A Cat's Tale
by
Popser

 

The grandchildren were being amused by the Cat in the Hat who was prancing on the television screen. I was wrapping presents for the coming holidays and December birthdays. My wandering spouse, who had moments before been in the kitchen, had wandered upstairs to finish a wall hanging she was making for our niece who loved cats. Cats made us both sneeze, unfortunately, but cartoon cats, fabric cats, and appliquéd cats, did not.

"The cat's meow," my wife said when she came down an hour later. The grandkids had finished with Dr. Seuss, I was wondering why there were so many presents to wrap, and she was talking in code.

"All right, what?" I asked.

"What's a cat's mowl?" asked one of the two grandsons.

"I'm finishing the cat, but I can't make a meow," she said. She sighed.

"Why do you want to make a cat meow?" I asked. That's a sound. Quilts don't have sounds."

"My quilt loves me," said the other of the two grandsons.

"I could cut out notes or spell meow, but that would change the look of everything."

"Meow," I said.

"I wonder where that expression comes from. Why doesn't the cat mew or yowl when someone steps on its tail accidentally? Why meow?" She stopped then, and I looked at her to go on, but she didn't.

"Cat's got your tongue?" I asked.

'That, too," she said. "Why are there so many cat sayings?"

"Like cat's pajamas?"

"Yes."

"Because there are a lot of cats," I said. I really didn't know, but I did know it was time for dinner. "Dinner time?" I asked.

"Set the table," she said to me, and she moved past me, missing hitting me by a cat's whisker. And in seconds she was back upstairs.

"I'll only be a minute," she said.

"I have a cat's eye marble," said our six year old grandson. Obviously, he had heard the conversation, but what could he have been thinking?

 

"The cat's in the cradle," she said when she came to the table.

"More cat code?" I asked.

"The wall hanging is done. Done."

"Are we going to see it?" I asked.

"I have to do the binding yet," she said.

'But you said it was finished."

"The hard part."

"That's not the same," I said.

"It is sometimes," she said. "For a quilter," she added.

"You have cats in your belfry," I said.

"Bats, not cats," she corrected.

"Will I like your cat?" I asked.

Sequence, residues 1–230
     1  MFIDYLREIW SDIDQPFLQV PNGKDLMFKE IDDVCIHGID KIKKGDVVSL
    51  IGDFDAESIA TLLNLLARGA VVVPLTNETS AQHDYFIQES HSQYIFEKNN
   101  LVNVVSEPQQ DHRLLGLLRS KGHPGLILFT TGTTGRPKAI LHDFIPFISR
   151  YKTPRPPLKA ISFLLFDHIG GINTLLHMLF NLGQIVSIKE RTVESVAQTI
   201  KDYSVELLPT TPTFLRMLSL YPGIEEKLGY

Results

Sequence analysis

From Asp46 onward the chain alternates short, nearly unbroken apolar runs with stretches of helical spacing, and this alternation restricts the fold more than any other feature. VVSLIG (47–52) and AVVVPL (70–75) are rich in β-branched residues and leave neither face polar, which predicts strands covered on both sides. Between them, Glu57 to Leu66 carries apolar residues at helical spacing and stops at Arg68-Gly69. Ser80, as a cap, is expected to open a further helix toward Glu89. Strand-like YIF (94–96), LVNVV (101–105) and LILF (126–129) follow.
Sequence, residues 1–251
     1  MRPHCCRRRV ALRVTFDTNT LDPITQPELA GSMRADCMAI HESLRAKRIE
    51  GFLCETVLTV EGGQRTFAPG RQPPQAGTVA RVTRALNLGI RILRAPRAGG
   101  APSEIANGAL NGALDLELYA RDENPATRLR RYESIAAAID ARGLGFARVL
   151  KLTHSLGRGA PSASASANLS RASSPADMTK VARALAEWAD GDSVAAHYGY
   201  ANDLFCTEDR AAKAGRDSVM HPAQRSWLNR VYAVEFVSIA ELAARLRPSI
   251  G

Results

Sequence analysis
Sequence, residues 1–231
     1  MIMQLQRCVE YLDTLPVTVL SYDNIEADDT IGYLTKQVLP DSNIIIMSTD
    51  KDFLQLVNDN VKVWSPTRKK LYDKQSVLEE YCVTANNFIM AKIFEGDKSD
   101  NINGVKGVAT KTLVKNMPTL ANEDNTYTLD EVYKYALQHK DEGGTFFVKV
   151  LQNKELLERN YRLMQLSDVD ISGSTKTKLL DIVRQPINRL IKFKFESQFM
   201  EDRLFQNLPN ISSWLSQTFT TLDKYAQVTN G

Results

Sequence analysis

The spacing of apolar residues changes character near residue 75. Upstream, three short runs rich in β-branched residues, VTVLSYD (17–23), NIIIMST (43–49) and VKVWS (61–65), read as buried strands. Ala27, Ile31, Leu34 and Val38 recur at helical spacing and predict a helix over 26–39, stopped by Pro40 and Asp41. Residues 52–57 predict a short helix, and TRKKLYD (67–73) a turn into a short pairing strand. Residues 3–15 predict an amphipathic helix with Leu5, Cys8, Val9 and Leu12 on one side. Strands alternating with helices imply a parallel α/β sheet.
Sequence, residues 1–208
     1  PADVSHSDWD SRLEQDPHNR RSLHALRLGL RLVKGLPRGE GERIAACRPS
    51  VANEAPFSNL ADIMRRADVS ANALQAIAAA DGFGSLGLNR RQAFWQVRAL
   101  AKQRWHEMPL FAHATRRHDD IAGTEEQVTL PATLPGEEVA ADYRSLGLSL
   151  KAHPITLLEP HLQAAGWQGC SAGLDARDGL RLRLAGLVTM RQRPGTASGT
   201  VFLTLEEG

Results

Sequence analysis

"It's not for you," she said.

"It's for Jenny, isn't it?"

"She has cats. She loves cats. A cat quilt is just right for her."

"As long as it doesn't shed," I said.

"My quilts don't shed."

"Let's eat," I said.

"Do you want to see the quilt now or after I finish the binding?" she asked.

"You always tell me to wait," I said.

"It won't be a cat-astrophe if I show it to you now," she said. She emphasized CAT.

"Do you want a gin and cat-tonic?" I asked. I emphasized CAT.

"Let's eat," she said. And we ate. I poured CATsup on my plate.

 

The next morning she brought down the cat to where I still lay in bed. I was awake, but I was watching the morning news. "Open your eyes," she said.

"My eyes are open," I said.

"Turn off the television," she said. "Pay attention."

I turned off the television. I paid attention to her as she held the small quilt out in front of me. I saw a cat. "It's a cat," I said.

"What did you expect?" she asked. "You know it's a cat. I've told you six hundred times it's going to be a cat quilt."

"But it's a great cat," I said.

"You expected only a good cat or a fair cat or a bad cat?"

"I expected a happy cat," I said.

"So?"

"It looks very happy," I said.

"It's happy. I'm happy. I wasn't sure about doing an appliqué cat."

"So, now you're happy and I'm happy."

"Is that all you have to say. I worked day and night on this quilt."

"No, you didn't. You only worked once in a while when you weren't doing anything else, such as working on the flower quilt, and you spent at least ten days going through catalogues to drool over new fabrics."

"I didn't buy any new fabric," she said.

"That's because you're sewing room is a fabric warehouse and you don't have any room left in this house for more fabric."

"That's true. But I used a lot of fabric on this cat," she said, and she pointed at the cat she held.

"That probably used up a fat thirty-second. You could make a hundred cats if you wanted to."

'It was a fat quarter, maybe more. There is no such thing as a fat thirty-second. Now, should I wrap this up now or wait until next month."

"Now," I said. " I'm sending out all the presents the day after Thanksgiving. "We're taking December off."

"I'm not taking off from quilting," she said.

"Do you ever?" I asked. Never ever.

"Still, it's a fancy and happy cat."

I looked at the cat again. ""It is a nice cat," I said.

"Maybe I'll make a mouse next," she said.

"That will make the cat happy," I said.

"It won't be for the cat."

"The cat might be hungry," I said.

"I'll quilt it some cat food," she said.

'That sounds like a plan," I said.

"Meow," she said.

 

 


Copyright 2006 by A.B. Silver

Click here to see finished "A Cat's Tale" Quilt

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